Laboratory diagnosis of anemia: are the old and new red cell parameters useful in classification and treatment, how?

M Buttarello
International Journal of Laboratory Hematology 2016, 38 Suppl 1: 123-32

INTRODUCTION: Anemia is a global problem affecting the population in both developing and developed countries, and there is a debate on which hemoglobin level limit should be used to define anemia in general population and particularly in the elderly. We present herein a laboratory approach to diagnosing the possible causes of anemia based on traditional and new erythroid parameters. In this article, we provide practical diagnostic algorithms that address to differential diagnosis of anemia. Based on both morphological and kinetic classifications, three patterns were considered: microcytic, normocytic, and macrocytic.

METHODS: Main interest is on the clinical usefulness of old and new parameters such as mean cell volume (MCV), red blood cell distribution width (RDW), hypochromic and microcytic erythrocytes, immature reticulocyte fraction (IRF), and some reticulocyte indices such as reticulocyte hemoglobin content and mean reticulocyte volume. The pathophysiologic basis is reviewed in terms of bone marrow erythropoiesis, evaluated by reticulocyte count (increased or normal/decreased) and IRF. The utility of reticulocyte indices in the diagnosis of iron-deficient erythropoiesis (absolute or functional) and in monitoring of response to treatment in nutritional anemia (iron and cobalamin) was also investigated.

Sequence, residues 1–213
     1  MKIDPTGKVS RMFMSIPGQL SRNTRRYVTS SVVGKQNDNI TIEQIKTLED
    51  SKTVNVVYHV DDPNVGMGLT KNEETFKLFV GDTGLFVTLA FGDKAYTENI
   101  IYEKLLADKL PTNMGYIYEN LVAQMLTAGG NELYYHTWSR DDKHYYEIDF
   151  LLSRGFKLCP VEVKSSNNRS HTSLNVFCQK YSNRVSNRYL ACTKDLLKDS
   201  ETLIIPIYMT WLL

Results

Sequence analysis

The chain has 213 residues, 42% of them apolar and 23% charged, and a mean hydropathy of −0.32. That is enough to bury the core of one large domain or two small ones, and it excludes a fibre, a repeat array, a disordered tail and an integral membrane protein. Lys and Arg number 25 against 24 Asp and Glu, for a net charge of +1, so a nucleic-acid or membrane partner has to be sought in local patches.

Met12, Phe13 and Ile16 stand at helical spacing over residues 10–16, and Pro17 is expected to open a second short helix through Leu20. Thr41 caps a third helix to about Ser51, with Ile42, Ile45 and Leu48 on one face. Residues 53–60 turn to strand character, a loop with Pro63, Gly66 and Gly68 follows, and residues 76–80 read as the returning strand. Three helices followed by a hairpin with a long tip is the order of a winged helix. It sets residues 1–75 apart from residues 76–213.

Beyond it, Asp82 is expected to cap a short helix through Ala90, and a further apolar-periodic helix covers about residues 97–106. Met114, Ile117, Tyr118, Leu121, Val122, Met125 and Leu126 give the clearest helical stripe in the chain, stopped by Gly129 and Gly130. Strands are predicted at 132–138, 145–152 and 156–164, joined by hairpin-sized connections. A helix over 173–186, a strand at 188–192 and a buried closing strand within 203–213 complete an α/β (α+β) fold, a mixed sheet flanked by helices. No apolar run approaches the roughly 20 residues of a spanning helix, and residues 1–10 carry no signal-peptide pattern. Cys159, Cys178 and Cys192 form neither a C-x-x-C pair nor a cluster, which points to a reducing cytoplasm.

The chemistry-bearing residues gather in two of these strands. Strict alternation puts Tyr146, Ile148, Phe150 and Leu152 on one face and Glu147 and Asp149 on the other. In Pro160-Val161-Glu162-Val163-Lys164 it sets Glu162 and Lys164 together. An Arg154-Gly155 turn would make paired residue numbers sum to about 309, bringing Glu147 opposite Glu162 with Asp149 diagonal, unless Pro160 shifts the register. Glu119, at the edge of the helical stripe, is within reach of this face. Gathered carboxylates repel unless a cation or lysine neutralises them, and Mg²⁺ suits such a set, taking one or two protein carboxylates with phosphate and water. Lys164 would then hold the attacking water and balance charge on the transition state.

RESULTS: For each parameter, the availability, the possible clinical applications, and the limitations were evaluated. A discussion on intraindividual biological variation and its implication on the usefulness of conventional reference intervals and in longitudinal monitoring of the patients was also reported.

CONCLUSION: Red cell parameters and reticulocyte indices play an essential role in differential diagnosis of anemia and in its treatment. More efforts are needed in harmonizing parameters whose results are still too different when produced by different analyzers.

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